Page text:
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To assess the delay in a deployed network, one may easily exploit the results given by the ICMP ping command. However, this measure may not reflect the actual delay that applications may face. To properly measure the delay in a given infrastructure, we recommend to compare the results of various delay measurements jobs. Depending on the targeted evaluation (application level, transport level, network level, etc.), one measure may be more relevant than one other.
The most common way to assess delay in a deployed network remains to use round-trip time metric. Our choice is to use two tools one at ICMP level (fping) and one at UDP level (hping) to enforce the measurement.
However, this value may not reflect the real situation of the network of interest if the links from test host and to test host are unbalanced. To obtain this unbalanced delay assessment and better understanding of the tested network, one may use one-way delay tool which provides delay values on each link. The tool owping (composed of two jobs: owamp-client and owamp-server) is provided by OpenBACH in the One Way Delay reference scenario.
This scenario provides a delay diagnostic of a deployed network. It is assumed that the network is stable. The diagnostic allows to sequentially assess different delay metrics (RTT and one-way delay)
The purpose of this scenario is to compare delay results obtained from jobs: fping, hping (RTT) and owping (One-way Delay).
fpingmeasures the RTT delay (in ms) using the ICMP protocol (i.e. time since ICMP request sent until ICMP response received)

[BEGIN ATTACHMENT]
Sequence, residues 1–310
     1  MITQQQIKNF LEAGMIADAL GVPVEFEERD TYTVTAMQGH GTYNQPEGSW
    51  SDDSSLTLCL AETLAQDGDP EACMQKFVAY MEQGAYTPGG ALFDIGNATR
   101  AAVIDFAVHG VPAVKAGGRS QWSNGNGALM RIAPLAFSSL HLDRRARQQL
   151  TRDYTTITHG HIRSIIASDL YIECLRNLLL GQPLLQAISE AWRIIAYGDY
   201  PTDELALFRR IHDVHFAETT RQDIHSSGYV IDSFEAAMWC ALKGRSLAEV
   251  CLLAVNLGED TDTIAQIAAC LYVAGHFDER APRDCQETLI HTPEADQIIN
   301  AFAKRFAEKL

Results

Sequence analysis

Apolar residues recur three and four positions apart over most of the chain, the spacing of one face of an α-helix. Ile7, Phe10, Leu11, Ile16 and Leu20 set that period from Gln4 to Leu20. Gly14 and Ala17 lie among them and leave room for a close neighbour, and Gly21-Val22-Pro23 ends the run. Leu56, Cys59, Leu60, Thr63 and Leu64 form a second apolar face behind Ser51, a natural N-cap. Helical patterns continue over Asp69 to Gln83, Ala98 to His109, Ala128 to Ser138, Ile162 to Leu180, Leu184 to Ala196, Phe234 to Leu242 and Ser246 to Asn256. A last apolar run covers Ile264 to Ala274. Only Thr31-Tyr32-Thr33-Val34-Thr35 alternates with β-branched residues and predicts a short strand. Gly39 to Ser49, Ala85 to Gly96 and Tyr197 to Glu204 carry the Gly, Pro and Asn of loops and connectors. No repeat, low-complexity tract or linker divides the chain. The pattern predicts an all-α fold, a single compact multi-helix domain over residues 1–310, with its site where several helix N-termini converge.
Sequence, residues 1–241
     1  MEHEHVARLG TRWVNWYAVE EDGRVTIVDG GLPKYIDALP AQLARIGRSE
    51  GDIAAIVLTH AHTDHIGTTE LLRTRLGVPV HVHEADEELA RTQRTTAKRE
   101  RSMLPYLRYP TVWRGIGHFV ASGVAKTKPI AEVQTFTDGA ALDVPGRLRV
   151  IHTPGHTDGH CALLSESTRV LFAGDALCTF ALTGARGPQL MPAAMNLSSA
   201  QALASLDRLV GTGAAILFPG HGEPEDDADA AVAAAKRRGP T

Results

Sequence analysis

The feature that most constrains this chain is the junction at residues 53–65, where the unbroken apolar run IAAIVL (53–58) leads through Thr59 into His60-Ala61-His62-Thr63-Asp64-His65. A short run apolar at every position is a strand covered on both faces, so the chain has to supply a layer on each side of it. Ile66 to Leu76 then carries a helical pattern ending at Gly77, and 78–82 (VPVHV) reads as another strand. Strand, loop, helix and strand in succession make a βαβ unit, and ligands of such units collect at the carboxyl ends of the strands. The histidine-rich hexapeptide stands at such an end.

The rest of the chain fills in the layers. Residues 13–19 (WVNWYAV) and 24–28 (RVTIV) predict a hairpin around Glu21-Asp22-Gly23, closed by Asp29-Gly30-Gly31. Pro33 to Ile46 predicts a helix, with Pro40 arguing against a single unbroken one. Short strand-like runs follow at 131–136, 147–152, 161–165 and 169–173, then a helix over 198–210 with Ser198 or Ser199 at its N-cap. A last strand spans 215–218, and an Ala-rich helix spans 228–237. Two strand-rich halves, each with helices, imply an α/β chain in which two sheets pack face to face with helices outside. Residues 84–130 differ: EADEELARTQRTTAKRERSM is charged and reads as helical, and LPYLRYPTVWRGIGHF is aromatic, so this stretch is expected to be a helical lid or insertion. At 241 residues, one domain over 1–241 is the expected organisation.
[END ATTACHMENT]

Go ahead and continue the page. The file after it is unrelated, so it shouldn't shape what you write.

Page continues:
hpingmeasures the RTT delay (in ms) using the negotiation packets for opening a TCP connection (i.e. time since SYN sent until SYN-ACK received).
Hping and fping (which are persistent jobs) are launched during the duration time (default 10).
Two approaches are used to analyse the delay:
The scenario proposed herein will then:
These scenarios have been written using the scenario builder.
You must already have a project (i.e. “your_project”), two entities in the project (a server and a client), the hping/fping jobs installed in the client. You also need to install histogram and time-series jobs on the “your_entity”.
The reference scenario script generate_network_delay will allow to launch it as follows.
python3 generate_network_delay.py -p your_project --client your_client_entity --ip_dst @IP --entity_pp your_entity run
By default, it launches the scenario with the sequential methodology. If you want to launch the simultaneous one, you should add “–simultaneous” to your arguments.
Alternatively, it can create a JSON file that could be imported to the OpenBACH web interface:
python3 generate_network_delay.py -o -p your_project --client your_client_entity --ip_dst @IP --entity_pp your_entity build .
An example of the type of results that this scenarios is capable of plotting is shown below:
The plots can be downloaded from the OpenBACH web interface: go to the scenario instance, click on export CSV, check the histogram and time-series boxes and click on Download.